Widespread optimism a few months ago that domestic box office revenues could easily return to pre-crisis levels has given way to a new sense of pragmatism about the movie business.
This year’s total will far exceed last year’s $4.5 billion in revenue, but it will certainly be billions less than 2019’s $11.4 billion in revenue, and all bets are off for 2023. Given the uncertainty, Wall Street analysts and media executives are sharpening their pencils and revisiting books. Their general consensus is that there is still money to be made – especially on the studio side – but the old methods are no longer enough.
At a Bank of America investor conference this week, Sony Pictures Entertainment CEO Tony Vinciquerra was asked if he thought box office returns would eventually return to pre-pandemic levels. “I hope so,” he said. — I believe it will be close. He noted that despite internal struggles, “the rest of the world is still growing in cinema. There are big problems in China, big problems in Russia and Ukraine, obviously,” but places like Korea, Indonesia and India “still feel very good.”
Vinciquerra added that the Covid production shutdown a few months ago led to the current drought of viable new games, and a strong plan for the fourth quarter and 2023 will provide much-needed energy. “Next summer is going to be absolutely crazy,” he predicted. “We’re going back to pre-pandemic where you have a lot of movies in the market, a lot of marketing to promote those movies, and you’re going to see significant, significant box office returns.”
Studio owners are adjusting their operations to reflect the new landscape. Even before the fight against Covid kicked off in 2020, the rise of streaming was changing release window strategies and profit-sharing formulas. The complexity is likely to only increase. And that’s just on the distribution side – for exhibitors, this week’s bankruptcy filing by parent company Regal Cineworld highlights the difficulty of resurrecting a business that has long been dependent on a Hollywood product.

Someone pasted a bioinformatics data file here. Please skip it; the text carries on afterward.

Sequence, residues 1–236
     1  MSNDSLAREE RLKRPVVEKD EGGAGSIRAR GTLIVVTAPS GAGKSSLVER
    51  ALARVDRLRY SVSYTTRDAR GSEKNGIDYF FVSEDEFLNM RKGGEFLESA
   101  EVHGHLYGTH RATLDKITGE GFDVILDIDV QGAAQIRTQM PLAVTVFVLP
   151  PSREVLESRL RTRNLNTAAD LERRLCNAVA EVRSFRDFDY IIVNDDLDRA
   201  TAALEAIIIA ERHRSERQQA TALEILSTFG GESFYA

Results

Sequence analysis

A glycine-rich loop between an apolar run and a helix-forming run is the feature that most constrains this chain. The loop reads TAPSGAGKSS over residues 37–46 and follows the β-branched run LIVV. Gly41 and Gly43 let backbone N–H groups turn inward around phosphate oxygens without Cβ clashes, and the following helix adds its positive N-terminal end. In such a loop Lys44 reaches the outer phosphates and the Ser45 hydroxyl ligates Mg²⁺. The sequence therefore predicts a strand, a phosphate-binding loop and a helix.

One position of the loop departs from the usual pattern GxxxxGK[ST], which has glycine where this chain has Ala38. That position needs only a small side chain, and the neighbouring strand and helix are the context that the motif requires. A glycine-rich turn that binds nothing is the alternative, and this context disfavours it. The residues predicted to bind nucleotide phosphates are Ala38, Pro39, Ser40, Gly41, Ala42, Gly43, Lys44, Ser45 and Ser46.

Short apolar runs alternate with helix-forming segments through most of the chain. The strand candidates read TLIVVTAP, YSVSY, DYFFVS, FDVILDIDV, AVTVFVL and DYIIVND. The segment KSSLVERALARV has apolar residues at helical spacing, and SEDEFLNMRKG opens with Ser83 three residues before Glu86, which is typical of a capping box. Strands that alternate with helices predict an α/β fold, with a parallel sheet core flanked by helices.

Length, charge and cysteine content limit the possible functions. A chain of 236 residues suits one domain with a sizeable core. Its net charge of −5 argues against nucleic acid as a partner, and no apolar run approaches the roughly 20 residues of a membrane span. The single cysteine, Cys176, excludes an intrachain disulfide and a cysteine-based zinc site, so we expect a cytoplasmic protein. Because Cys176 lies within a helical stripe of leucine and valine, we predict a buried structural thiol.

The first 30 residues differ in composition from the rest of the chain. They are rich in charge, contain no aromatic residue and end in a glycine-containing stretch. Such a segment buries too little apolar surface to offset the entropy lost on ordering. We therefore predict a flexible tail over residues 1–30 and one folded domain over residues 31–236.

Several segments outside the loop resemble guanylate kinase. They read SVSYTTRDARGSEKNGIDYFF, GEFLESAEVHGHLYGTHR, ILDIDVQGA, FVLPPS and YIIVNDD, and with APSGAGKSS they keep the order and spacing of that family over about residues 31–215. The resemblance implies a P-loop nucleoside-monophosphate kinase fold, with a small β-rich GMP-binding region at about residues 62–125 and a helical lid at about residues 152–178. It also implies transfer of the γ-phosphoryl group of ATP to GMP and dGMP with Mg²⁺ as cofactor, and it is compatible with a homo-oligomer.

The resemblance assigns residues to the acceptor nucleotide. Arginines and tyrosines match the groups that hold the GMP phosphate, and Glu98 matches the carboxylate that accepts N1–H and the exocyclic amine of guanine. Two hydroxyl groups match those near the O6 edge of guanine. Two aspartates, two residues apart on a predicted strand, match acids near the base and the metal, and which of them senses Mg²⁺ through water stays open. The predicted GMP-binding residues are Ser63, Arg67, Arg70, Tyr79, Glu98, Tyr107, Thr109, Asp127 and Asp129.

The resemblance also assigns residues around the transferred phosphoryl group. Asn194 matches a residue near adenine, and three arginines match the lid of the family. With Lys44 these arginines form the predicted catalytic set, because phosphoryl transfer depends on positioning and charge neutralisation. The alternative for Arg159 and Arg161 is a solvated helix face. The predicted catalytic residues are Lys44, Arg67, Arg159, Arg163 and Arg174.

Jason Armstrong, executive vice president, deputy chief financial officer and treasurer of Comcast, described the film business at the BofA conference as “generally less risky” than before the pandemic. “There are more options and more places to distribute content,” he explained. Control of both Universal Pictures and streaming service Peacock presents the company with “an incredible opportunity.”
The theater showcase is “important to us,” he stressed. “Maybe it’s not important in the context of the historical 90 days and the traditional theatrical performance, but it’s incredibly important to us.” Jurassic World: Dominion as well as Minions: Rise of Gru Summer releases, which have collectively grossed over $2.1 billion worldwide, are valuable streaming assets thanks to Universal’s updated approach to windows. New film releases are sent to Peacock as the first stop after cinemas. After four months of streaming exclusively there, they transition to Netflix and Prime Video before returning to Peacock as library titles. Armstrong said that over time in such a dynamic environment, “you can adapt. If there’s a better selling window, you get an opportunity all the time.”